L a - b e a u t é - s a u v e r a - l e - m o n d e ~ D o s t o ï e v s k i

L a - b e a u t é - s a u v e r a - l e - m o n d e  ~  D o s t o ï e v s k i

Wednesday, August 6, 2014

Grand Duke Nicholas Nikolaevich, by Sergei Zaryanko, 1853

The Grand Duke turned twenty-two in the year this portrait was painted.

Grand Duke Nicholas Nikolaevich of Russia (8 August 1831, Tsarskoye Selo – 25 April 1891, Alupka), third son and sixth child of Tsar Nicholas I of Russia and Alexandra Feodorovna. (He is sometimes referred to as Nicholas Nikolaievich the Elder, as his son carried the same name.) Like most of the Romanov men, he had a career in the army, and as a Field Marshal he commanded the Russian army of the Danube in the Russo-Turkish War of 1877 to 1878, though with no distinction. His brother, Alexander II, nonetheless continued to promote his military career, naming him Commander of the St. Petersburg military region. Eventually he received the ranks of Field Marshal-General, Inspector General of Cavalry, and Inspector General of the Russian engineering forces. He also served on the State Council.

Tall and strong, neither handsome nor very intelligent, he had an unsavory reputation on account of his gross "financial irregularities" - debt, bribery, embezzling, etc. - and his rampant womanizing. He married Alexandra of Oldenburg in 1856 and they had two sons. But soon enough he began a relationship with a ballet dancer, Catherine Chislova, with whom he would have five children and set up a very public second family. His wife finally left him in 1881, though she refused him a divorce.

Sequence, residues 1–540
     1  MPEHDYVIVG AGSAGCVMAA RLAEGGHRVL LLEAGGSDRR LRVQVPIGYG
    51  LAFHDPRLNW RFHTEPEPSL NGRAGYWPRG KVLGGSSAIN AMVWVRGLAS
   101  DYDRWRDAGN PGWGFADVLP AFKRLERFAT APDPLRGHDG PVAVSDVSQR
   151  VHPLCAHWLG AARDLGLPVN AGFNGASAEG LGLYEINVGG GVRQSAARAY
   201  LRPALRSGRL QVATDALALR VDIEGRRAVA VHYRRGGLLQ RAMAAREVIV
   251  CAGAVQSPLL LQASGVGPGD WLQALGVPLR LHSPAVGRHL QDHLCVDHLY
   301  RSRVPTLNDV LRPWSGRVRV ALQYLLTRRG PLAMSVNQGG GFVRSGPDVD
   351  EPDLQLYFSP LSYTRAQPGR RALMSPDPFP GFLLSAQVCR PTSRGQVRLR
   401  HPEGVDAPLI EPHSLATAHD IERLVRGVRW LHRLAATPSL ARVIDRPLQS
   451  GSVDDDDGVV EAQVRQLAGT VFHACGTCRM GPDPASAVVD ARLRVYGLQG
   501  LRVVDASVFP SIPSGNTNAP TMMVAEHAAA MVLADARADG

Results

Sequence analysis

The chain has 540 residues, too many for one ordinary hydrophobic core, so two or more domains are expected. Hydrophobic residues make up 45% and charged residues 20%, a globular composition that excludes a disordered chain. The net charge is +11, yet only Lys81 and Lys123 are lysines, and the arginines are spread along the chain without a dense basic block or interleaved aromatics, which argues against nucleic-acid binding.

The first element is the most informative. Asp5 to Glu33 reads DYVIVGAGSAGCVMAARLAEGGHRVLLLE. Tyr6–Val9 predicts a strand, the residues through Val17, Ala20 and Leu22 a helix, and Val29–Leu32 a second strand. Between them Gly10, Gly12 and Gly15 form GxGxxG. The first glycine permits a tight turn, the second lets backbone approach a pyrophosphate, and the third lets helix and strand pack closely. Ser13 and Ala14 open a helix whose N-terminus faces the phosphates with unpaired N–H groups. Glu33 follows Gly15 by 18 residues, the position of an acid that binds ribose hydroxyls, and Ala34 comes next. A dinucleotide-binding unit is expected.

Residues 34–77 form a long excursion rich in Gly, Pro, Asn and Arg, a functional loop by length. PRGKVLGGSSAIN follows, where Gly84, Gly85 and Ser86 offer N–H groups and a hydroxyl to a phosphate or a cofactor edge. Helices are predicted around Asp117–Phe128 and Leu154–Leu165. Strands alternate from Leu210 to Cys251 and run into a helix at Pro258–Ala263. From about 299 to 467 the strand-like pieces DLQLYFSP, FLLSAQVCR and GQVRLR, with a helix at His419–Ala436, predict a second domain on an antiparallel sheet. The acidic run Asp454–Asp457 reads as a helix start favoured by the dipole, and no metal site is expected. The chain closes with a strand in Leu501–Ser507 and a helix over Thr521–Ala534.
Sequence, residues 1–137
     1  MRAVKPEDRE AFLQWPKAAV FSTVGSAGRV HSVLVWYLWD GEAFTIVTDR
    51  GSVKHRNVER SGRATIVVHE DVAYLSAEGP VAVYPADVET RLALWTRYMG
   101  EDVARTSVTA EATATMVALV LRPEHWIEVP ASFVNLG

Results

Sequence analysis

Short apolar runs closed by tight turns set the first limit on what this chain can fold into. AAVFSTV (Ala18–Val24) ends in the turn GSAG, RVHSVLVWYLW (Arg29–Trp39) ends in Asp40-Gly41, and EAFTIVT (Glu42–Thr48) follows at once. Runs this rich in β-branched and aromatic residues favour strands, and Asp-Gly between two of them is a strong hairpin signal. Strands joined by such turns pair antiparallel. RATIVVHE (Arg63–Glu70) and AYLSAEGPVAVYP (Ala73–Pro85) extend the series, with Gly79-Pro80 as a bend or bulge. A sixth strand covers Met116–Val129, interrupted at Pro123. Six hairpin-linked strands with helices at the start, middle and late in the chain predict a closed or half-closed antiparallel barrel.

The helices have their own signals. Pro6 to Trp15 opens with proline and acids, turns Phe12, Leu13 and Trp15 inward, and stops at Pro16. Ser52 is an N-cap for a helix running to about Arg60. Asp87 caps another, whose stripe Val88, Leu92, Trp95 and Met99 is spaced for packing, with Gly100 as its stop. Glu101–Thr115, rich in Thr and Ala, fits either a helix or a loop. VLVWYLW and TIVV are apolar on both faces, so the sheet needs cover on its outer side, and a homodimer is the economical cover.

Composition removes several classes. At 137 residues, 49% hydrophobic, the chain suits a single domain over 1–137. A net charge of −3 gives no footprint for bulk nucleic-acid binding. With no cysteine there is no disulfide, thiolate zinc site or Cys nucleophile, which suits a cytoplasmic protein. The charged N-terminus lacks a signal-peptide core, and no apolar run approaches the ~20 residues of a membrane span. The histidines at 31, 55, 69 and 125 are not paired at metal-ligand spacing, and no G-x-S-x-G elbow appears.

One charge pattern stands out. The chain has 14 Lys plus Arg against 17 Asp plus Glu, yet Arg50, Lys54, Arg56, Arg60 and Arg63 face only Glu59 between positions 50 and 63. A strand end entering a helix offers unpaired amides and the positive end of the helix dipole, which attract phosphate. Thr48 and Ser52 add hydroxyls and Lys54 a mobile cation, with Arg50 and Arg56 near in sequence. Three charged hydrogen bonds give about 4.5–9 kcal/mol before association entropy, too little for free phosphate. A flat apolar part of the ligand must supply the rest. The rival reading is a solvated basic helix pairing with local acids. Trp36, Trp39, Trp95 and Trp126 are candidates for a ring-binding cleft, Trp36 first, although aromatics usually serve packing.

That same year, his brother Tsar Alexander II was assassinated and his successor, Alexander III, had little use for his disreputable "Uncle Nizi", and he was deprived of all influence. In 1882, as consequence of his escalating debt - he had already mortgaged the magnificent Nikolaevsky Palace - he was put under financial supervision. Denied a divorce, the Grand Duke hoped to outlive his wife and marry his mistress. But his wife would outlive him by nine years, and Chislova unexpectedly died in 1889, at the age of forty-three. After her death, his health rapidly declined; he had been suffering from oral cancer which now spread to his brain, causing increasingly erratic behavior. After one particularly embarrassing incident, during a ballet performance, when he attacked a male dancer he believed to be a woman, he was declared insane. He was put under locked confinement and taken to Alupka in the Crimea, where he died the next year. After his death, his palace in St. Petersburg was immediately sold to help settle his massive debts.


For other posts related to Sergei Konstantinovich Zaryanko.

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